On Saturday, February 4, 1899, PFC Robert William “Billy” Grayson of Company D, 1st Nebraska Volunteers was on sentry duty at the corner of Sociego and Silencio Streets in the Santa Mesa district of Manila when he observed Filipino troops in front of his position. Tensions were running high as a result of a Proclamation of Benevolent Assimilation issued by President William McKinley six weeks earlier. In response, Filipino revolutionary, politician and military leader Emilio Aguinaldo issued a counter proclamation challenging U.S. authority and setting the stage for an armed confrontation over Philippine sovereignty.
The 1st Nebraska had arrived in the islands on July 17, 1898 and then participated in the attack on Spanish forces in Manila the following month. When Grayson fired a shot at those Filipino troops that Saturday evening in February, he touched off the second Battle of Manila—the opening engagement of a conflict that was at one time referred to as the Philippine Insurrection. Grayson fired the first shot of that conflict on Feb. 4, and he did so with a Trapdoor Springfield.
(l.) Serious times required serious hardware: Note the socket bayonet at Grayson’s side, next to spare cartridges in his belt. (r.) PFC Grayson’s actions while serving as a sentry in Manila would set into motion a chain of events that led to the Philippine Insurrection.
Born out of the need for a metallic-cartridge service rifle, the earliest version of the Trapdoor emerged in 1865 in the form of converted Civil War rifled muskets designed by Erskine S. Allin. This modification of existing muzzleloaders introduced a hinged breechblock that allowed breech loading of a single centerfire .50-70 Gov’t. cartridge. In 1866, an improved version contributed upgrades that paved the way for a “ground up” version of the rifle—the Model of 1873.
This Trapdoor was chambered for the .45-70 Gov’t. cartridge and could accelerate a .450-caliber bullet to a muzzle velocity of 1,350 fps. The 1873 Trapdoor fought a series of well-known engagements in wars against native tribes west of the Mississippi River, notably the infamous Battle of the Little Bighorn in June 1876. Although rifle and carbine versions of the 1873 served the U.S. Government well, there was still room for improvement.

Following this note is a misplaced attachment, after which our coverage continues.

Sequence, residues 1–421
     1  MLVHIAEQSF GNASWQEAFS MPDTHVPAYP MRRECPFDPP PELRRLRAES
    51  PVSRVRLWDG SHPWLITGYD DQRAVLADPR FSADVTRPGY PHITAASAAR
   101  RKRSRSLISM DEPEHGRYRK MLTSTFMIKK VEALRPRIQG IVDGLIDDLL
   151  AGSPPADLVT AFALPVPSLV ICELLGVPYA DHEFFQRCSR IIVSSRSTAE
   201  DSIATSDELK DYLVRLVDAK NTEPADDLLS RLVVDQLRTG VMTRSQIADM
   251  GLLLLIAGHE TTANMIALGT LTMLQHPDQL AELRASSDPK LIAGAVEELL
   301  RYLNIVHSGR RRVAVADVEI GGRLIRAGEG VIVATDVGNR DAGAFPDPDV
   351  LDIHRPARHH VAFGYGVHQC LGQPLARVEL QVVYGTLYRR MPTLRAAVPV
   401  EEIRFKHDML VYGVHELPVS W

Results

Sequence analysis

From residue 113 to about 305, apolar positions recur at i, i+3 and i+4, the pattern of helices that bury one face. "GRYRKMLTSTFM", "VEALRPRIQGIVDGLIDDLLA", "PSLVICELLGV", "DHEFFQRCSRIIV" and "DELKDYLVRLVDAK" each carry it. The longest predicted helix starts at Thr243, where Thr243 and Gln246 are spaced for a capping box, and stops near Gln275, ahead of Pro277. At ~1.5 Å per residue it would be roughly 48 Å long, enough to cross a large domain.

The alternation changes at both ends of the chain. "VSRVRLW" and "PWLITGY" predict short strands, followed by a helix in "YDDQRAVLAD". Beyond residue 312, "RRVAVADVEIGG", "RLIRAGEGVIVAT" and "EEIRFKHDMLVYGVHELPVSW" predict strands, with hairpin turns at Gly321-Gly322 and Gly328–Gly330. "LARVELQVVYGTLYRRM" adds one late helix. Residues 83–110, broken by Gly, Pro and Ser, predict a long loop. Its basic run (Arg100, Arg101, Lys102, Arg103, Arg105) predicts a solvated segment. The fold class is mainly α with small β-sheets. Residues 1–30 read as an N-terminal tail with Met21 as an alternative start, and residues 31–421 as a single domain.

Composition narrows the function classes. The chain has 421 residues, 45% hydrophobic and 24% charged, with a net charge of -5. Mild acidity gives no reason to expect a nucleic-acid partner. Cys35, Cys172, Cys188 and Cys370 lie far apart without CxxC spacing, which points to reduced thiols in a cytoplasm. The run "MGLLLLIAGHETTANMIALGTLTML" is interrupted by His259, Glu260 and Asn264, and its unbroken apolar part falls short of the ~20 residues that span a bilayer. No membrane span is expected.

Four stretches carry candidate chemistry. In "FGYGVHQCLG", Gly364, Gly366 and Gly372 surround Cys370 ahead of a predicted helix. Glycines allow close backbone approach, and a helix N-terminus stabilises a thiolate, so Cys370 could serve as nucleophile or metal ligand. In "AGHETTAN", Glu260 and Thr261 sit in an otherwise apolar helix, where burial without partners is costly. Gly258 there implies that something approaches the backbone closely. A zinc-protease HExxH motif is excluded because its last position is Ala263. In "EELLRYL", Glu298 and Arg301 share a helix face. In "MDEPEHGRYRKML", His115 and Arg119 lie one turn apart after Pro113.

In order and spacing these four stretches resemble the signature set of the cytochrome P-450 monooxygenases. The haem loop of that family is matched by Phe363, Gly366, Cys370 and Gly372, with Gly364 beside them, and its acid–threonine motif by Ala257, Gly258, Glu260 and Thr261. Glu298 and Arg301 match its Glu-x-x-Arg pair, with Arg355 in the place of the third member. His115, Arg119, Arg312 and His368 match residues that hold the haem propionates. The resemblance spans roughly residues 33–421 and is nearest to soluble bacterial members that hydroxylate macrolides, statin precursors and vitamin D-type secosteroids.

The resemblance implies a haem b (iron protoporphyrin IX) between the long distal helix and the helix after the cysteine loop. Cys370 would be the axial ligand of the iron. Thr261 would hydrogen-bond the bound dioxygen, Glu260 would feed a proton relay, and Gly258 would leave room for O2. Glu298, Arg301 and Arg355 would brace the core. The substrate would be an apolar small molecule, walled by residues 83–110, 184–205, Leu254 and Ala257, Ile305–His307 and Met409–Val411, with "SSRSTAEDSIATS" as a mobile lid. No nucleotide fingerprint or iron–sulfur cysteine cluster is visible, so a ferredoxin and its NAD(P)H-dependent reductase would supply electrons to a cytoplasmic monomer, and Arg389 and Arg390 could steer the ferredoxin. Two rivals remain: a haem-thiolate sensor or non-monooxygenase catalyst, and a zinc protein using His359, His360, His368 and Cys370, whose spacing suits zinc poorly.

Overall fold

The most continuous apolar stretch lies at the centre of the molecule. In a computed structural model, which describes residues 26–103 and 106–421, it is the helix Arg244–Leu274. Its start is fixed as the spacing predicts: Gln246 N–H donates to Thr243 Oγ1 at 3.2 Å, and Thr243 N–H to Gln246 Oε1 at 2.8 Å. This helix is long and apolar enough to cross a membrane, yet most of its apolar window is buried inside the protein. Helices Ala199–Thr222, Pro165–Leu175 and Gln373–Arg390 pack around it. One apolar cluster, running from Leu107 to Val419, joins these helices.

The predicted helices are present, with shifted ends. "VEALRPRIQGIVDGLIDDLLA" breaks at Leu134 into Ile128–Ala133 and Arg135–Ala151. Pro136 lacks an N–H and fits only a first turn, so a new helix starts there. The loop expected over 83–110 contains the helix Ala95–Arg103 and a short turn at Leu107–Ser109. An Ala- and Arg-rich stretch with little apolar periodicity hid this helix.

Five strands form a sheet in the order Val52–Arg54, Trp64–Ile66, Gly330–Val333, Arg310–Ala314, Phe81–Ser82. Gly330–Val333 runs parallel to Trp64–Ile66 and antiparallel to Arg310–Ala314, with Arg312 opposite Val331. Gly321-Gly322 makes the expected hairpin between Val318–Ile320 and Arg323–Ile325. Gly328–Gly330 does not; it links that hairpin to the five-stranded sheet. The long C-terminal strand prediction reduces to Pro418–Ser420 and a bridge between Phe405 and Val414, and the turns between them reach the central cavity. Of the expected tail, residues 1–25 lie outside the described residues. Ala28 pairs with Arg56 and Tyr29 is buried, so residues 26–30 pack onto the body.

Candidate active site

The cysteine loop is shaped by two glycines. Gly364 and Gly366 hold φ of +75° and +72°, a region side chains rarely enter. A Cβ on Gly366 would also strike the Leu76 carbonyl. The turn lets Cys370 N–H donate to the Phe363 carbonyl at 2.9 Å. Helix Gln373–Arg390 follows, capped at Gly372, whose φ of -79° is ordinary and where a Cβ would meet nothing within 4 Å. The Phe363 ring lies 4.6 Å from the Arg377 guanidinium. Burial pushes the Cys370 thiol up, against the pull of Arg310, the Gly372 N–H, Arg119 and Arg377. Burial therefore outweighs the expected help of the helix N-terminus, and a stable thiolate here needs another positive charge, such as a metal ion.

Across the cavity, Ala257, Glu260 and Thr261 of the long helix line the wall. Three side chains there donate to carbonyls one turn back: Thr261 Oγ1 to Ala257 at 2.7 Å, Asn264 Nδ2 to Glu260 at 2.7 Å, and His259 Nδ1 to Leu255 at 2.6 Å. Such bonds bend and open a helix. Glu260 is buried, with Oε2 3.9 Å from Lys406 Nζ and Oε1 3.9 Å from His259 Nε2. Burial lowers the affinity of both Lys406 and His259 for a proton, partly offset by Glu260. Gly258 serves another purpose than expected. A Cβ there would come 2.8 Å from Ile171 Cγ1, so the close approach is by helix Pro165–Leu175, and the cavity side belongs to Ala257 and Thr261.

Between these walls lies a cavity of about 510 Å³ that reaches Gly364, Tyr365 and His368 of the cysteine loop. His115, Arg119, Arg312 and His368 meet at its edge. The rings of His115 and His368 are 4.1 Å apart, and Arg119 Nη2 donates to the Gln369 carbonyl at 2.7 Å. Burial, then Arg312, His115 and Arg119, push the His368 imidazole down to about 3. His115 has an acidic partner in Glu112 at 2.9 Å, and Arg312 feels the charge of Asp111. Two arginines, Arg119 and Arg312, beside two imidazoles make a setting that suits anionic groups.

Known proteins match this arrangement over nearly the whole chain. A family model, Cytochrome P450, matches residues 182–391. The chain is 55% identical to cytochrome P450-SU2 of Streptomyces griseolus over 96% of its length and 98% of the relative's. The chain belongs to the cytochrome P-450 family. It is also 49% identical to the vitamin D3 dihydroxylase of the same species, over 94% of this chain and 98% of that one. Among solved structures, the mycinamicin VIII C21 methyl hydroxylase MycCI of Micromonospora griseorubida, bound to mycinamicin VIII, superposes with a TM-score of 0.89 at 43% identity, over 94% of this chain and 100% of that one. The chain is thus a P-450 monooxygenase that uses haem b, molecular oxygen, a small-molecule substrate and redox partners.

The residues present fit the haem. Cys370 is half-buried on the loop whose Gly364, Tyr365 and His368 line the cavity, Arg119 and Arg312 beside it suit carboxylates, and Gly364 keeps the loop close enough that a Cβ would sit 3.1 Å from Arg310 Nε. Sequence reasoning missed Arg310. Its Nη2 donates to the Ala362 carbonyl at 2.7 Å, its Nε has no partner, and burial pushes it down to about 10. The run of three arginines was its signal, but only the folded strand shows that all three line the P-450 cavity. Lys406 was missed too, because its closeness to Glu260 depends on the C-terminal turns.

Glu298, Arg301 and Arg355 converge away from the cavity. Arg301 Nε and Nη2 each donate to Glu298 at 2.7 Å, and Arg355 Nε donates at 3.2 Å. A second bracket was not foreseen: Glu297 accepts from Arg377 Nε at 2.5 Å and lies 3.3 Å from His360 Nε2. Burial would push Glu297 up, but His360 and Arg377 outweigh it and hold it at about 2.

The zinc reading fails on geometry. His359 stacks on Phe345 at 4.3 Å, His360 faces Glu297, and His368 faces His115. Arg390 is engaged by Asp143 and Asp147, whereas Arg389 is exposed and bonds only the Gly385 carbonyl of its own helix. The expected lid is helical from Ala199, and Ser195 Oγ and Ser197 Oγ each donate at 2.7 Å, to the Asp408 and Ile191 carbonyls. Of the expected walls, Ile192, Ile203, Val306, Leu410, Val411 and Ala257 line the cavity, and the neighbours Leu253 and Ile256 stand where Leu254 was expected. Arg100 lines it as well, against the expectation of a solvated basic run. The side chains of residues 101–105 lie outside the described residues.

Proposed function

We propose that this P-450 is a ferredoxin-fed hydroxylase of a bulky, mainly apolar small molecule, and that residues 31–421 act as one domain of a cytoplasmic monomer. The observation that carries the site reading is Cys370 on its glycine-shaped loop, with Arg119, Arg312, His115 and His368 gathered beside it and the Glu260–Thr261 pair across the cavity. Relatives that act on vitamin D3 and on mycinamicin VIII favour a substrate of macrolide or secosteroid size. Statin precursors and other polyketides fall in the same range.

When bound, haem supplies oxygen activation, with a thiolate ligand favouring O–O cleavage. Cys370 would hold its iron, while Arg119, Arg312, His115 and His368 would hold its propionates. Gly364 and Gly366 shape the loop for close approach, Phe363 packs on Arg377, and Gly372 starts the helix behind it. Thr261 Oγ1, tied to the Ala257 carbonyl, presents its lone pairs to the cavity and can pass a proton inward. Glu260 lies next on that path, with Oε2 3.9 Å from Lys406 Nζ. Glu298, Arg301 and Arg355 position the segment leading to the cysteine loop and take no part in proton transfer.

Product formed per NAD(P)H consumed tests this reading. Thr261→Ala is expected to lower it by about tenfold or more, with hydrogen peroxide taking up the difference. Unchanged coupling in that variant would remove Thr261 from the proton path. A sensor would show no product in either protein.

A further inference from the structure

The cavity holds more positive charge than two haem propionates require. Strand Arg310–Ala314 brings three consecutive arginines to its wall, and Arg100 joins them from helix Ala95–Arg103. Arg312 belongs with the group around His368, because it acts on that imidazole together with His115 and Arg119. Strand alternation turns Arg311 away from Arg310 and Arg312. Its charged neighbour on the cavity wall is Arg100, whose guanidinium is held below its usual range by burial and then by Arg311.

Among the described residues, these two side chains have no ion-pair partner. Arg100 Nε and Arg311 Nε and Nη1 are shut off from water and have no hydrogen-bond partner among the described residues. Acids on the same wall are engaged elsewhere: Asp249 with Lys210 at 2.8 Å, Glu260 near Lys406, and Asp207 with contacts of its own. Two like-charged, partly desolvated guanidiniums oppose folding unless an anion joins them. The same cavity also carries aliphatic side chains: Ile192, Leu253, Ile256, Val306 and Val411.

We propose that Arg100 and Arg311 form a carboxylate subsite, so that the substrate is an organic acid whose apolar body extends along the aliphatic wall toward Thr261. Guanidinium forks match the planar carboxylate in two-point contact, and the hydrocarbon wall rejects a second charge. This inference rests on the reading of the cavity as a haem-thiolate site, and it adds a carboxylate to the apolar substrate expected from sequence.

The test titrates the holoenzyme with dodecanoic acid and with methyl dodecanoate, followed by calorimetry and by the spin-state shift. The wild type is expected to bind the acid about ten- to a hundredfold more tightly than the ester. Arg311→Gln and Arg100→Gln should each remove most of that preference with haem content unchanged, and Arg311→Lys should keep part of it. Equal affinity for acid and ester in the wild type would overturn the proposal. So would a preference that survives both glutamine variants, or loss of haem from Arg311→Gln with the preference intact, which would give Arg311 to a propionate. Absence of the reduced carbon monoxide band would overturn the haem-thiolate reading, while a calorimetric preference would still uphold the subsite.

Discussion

In 1884, a new model went into service that included a serrated trigger, and an enhanced rear sight designed by the Ordnance Department’s LTC Adelbert R. Buffington. This Model of 1884 remained in production through 1892 when the U.S. began adopting the Krag–Jørgensen repeater in .30-40 Krag. Nevertheless, the Springfield Trapdoor remained in service with state militia units during the years that followed.
In 1898 during the Spanish-American War, they fought in Puerto Rico, Cuba and—of course—the Philippines, which is how Billy Grayson came to be armed with one in Manila, when he fired the opening shot of the Philippine–American War. With that single shot, Grayson’s obsolescent Model 1884 Springfield rifle opened the conflict that inaugurated the era of American imperialism, and set the stage for increased U.S. influence over events on the global stage.
(l.) Utilizing a hinged breechblock that allowed the first self-contained, metallic cartridges, the Model 1884 served only a few years with the U.S. Army. (ctr.) When closed, the rear sight is set for “point-blank” range. (r.) At full extension, the rear sight is calibrated for 1,400 yards.
With that single shot, Grayson set in motion a sequence of events that would lead the American ship of state down a course that would ultimately result in war with the Empire of Japan. When he pulled the trigger of his Trapdoor that Saturday evening in 1899, Grayson had probably never heard of Hiroshima or Nagasaki, and he definitely knew nothing of splitting the atom, but those things were now irrevocably destined to become chapters in the fate of nations. And all of it was because of a single shot from one Trapdoor Springfield rifle.